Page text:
Olympus SP 550 Ultra Zoom - Olympus SP-550UZ vs Panasonic Lumix FZ50 outdoor scene

Olympus SP-550UZ vs Panasonic Lumix FZ50 outdoor scene

Olympus SP-550UZ results continued…

Olympus SP-550UZ at 6mm f3.2

Outdoor / Resolution / Noise / Noise 2 / Corner sharpness / Fringe & macro / Geometry / Vignetting

  To compare real-life performance we shot the same scene with the Olympus SP-550UZ and the Panasonic Lumix FZ50 within moments of each other. The lenses on both cameras were adjusted to deliver identical fields of view.

Both cameras were set to Program, their lowest sensitivities and their best-quality JPEG modes, and the crops below are taken from the originals and presented here at 100%.

The image left was taken with the Olympus SP-550UZ at 6mm f3.2; the original JPEG measured 3.57MB.

Both cameras may have captured identical fields of view, but thanks to the difference in resolution – 7.1 versus 10 Megapixels – the SP-550UZ’s crops below show a slightly larger area. Despite its higher resolution sensor though, the Panasonic FZ50’s crops don’t appear to contain any greater detail than the SP-550UZ. Both sets of crops show roughly the same degree of real-life detail, and if anything, the FZ50’s somewhat aggressive noise reduction is already visibly kicking-in and smearing detail even at its lowest 100 ISO. This is particularly apparent in the mountain range and the foliage in the first and third row of crops.

So while the SP-550UZ’s image is lacking the default punchiness you’d expect from a consumer compact, it’s certainly managing to record a decent degree of detail – and if you’d like punchier images you can manually increase the contrast and saturation if desired.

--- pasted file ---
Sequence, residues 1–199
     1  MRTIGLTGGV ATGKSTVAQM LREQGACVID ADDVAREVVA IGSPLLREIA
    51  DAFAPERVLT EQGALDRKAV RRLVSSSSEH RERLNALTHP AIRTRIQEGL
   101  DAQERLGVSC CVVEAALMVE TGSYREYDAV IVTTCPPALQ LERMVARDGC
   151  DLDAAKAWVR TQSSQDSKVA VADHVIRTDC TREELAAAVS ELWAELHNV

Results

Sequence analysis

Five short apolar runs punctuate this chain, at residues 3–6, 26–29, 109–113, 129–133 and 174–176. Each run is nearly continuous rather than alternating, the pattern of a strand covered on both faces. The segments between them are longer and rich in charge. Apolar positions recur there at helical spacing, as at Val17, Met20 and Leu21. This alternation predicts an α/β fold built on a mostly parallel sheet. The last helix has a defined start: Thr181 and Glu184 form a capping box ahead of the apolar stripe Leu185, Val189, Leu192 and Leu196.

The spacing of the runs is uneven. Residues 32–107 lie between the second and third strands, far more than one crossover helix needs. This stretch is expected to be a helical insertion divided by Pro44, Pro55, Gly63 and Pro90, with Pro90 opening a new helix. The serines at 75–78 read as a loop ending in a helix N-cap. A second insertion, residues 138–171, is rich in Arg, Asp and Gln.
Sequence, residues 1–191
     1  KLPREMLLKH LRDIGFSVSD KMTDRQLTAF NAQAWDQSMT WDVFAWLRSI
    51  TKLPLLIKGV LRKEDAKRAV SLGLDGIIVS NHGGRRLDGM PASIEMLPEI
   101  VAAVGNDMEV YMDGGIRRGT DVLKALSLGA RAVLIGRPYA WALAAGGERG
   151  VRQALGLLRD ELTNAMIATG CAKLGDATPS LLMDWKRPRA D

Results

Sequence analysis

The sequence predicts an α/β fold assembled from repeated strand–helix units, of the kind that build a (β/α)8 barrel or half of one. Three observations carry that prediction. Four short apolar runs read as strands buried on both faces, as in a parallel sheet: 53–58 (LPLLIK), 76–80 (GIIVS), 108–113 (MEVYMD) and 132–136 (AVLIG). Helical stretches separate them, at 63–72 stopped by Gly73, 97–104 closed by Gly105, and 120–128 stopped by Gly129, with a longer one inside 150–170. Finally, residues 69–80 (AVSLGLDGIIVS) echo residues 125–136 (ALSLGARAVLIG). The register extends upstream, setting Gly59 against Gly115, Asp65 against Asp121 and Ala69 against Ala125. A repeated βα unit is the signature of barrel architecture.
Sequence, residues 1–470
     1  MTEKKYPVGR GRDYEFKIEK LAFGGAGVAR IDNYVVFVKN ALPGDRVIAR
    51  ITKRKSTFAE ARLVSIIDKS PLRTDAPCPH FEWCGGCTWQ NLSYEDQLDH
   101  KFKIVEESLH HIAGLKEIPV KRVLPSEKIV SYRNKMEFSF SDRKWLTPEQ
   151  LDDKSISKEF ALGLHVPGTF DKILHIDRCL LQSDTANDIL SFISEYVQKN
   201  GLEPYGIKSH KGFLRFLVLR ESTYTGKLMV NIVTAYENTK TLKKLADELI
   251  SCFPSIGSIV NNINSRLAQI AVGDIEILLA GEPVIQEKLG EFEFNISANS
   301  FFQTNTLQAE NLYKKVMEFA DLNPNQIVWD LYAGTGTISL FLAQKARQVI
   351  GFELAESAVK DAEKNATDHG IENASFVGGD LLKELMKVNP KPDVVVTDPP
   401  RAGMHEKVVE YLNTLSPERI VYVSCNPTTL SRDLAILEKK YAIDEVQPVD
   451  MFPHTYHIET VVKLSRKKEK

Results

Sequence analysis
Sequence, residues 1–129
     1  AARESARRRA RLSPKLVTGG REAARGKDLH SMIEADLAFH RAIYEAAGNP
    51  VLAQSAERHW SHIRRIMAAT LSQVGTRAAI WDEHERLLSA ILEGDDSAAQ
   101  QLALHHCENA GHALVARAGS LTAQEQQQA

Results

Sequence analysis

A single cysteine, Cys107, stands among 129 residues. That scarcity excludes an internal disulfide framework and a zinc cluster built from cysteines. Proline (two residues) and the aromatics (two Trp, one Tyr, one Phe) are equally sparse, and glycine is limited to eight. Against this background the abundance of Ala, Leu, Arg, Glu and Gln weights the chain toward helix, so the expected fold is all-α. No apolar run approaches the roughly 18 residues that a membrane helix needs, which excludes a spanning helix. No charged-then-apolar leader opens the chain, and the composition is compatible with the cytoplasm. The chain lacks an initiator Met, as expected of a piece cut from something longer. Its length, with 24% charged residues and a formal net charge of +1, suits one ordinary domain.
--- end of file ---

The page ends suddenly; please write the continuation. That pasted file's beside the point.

Olympus SP-550UZ
Panasonic Lumix FZ50
Olympus SP-550UZ at 50 ISO
Panasonic Lumix at 100 ISO
1/400, f3.2, 50 ISO
1/400, f5.6, 100 ISO
Olympus SP-550UZ at 50 ISO
Panasonic Lumix at 100 ISO
1/400, f3.2, 50 ISO
1/400, f5.6, 100 ISO
Olympus SP-550UZ at 50 ISO
Panasonic Lumix at 100 ISO
1/400, f3.2, 50 ISO
1/400, f5.6, 100 ISO


Olympus SP-550UZ JPEG versus RAW comparison

To evaluate the effect of the SP-550UZ’s in-camera processing and compression, we recorded a best-quality JPEG followed by a RAW version of the same scene immediately afterwards. The JPEG and ‘ORF’ RAW files measured 3.6MB and 10.2MB respectively.

Since Adobe Camera RAW wasn’t yet compatible with the SP-550UZ’s ORF RAW files (v3.7 at the time of writing), we used the supplied Olympus Master 2.0 software to process the file. As always, we used the default RAW processing settings (and ‘As Shot’ White Balance), saved the file as a 16-bit TIFF, then opened it in Photoshop, before converting to 8-bit then cropping and saving using the same JPEG settings as above.

Olympus SP-550UZ JPEG versus RAW
Olympus SP-550UZ at 50 ISO - JPEG
Olympus SP-550UZ at 50 ISO - RAW
JPEG, 1/400, f3.2, 50 ISO
RAW conversion, 1/400, f3.2, 50 ISO

Using the default Olympus Master settings, the processed RAW sample above right is clearly much less sharp than the in-camera JPEG above left. By increasing the sharpness though, it’s possible to deliver a similar result to the JPEG, although to our eyes there was no greater apparent detail in this particular RAW file. As always, different source material, not to mention different RAW converters may deliver different results.

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